Cognitive Behavioral Therapy (CBT)
Cognitive Behavioral Therapy (CBT) is a therapy modality that focuses on the relationship between one’s thoughts, feelings, and behaviors. It is used to establish and allow for health responses to thoughts and feelings (instead of unhealthy responses, like using drugs or alcohol). CBT has been proven effective for recovering addicts of all kinds and is used to strengthen a patient’s own self- awareness and ability to self-regulate. CBT allows individuals to monitor their own emotional state, become more adept at communicating with others and manage stress without needing to engage in substance abuse.
In individual therapy, a patient meets one-on-one with a trained psychologist or counselor. Therapy is a pivotal part of effective substance abuse treatment, as it often covers root causes of addiction, including challenges faced by the patient in their social, family, and work/school life.
Trauma therapy address traumatic incidents from a client’s past that are likely affecting their present-day experience. Trauma is often one of the primary triggers and potential causes of addiction and can stem from child sexual abuse, domestic violence, having a parent with mental illness, losing one or both parents at young age, teenage or adult sexual assault, or any number of other factors. The purpose of trauma therapy is to allow a patient to process trauma and move through and past it, with the help of a trained and compassionate mental health professional.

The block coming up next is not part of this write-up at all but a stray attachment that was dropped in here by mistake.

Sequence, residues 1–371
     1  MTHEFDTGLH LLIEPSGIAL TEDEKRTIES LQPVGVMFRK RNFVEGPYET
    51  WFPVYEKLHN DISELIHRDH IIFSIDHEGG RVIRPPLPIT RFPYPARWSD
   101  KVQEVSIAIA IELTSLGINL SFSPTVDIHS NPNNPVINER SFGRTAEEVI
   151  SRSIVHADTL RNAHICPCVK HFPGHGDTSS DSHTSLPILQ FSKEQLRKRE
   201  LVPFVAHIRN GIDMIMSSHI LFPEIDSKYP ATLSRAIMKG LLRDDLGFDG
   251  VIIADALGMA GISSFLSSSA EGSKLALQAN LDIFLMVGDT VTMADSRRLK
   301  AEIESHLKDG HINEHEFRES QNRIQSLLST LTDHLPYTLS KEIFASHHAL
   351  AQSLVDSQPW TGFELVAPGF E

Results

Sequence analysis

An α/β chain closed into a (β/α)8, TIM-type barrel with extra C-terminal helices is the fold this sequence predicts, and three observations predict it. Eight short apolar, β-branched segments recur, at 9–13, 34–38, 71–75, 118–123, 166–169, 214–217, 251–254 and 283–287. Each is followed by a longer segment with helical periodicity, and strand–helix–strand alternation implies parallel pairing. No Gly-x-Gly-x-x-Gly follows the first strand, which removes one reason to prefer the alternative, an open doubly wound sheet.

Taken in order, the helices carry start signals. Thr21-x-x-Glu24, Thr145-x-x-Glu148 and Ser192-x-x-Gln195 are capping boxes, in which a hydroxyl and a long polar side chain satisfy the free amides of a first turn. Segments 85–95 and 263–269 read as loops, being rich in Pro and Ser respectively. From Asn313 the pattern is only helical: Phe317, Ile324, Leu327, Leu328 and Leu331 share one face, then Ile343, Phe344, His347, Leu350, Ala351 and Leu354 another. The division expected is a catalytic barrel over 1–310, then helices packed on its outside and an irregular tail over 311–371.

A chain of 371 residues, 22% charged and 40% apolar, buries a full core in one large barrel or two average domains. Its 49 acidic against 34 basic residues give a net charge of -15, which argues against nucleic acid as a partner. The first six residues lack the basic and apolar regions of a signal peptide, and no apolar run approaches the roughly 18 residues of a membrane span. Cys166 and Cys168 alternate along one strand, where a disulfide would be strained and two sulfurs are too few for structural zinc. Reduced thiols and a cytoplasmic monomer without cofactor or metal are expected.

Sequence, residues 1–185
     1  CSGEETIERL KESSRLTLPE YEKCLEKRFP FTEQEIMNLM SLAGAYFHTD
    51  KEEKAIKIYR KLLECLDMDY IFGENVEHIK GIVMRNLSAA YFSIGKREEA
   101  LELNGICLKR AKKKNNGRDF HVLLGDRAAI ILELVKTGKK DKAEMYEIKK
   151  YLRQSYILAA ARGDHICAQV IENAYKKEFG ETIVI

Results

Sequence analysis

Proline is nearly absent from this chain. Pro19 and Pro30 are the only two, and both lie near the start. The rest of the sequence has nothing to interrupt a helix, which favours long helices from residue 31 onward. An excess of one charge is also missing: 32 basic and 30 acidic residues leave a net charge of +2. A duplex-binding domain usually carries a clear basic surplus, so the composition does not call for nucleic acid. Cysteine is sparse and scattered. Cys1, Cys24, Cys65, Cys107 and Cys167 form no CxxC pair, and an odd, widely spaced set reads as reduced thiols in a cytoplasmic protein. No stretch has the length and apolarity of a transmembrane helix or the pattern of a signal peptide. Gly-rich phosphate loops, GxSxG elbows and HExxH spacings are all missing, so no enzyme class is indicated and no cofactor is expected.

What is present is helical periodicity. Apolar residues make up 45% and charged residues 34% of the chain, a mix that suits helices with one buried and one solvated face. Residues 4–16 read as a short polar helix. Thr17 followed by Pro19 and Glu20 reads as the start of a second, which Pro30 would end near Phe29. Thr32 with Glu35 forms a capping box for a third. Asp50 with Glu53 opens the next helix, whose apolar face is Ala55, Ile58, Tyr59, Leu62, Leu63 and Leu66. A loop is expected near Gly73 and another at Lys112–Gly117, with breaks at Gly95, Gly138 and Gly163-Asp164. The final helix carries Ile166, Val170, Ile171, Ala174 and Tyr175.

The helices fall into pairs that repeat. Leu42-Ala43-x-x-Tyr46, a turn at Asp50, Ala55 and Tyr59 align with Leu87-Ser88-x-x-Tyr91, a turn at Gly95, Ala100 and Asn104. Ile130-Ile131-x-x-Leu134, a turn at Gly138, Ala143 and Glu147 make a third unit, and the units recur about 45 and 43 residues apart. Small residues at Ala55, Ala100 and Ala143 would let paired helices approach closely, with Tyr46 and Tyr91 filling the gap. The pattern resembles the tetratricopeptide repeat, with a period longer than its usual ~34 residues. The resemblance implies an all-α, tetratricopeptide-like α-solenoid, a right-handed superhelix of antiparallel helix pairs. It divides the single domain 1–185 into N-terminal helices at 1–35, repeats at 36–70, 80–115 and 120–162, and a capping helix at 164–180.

Group therapy is any therapeutic work that happens in a group (not one-on-one). There are a number of different group therapy modalities, including support groups, experimental therapy, psycho-education, and more. Group therapy involves treatment as well as processing interaction between group members.
Whether a marriage or other committed relationship, an intimate partnership is one of the most important aspects of a person’s life. Drug and alcohol addiction affects both members of a couple in deep and meaningful ways.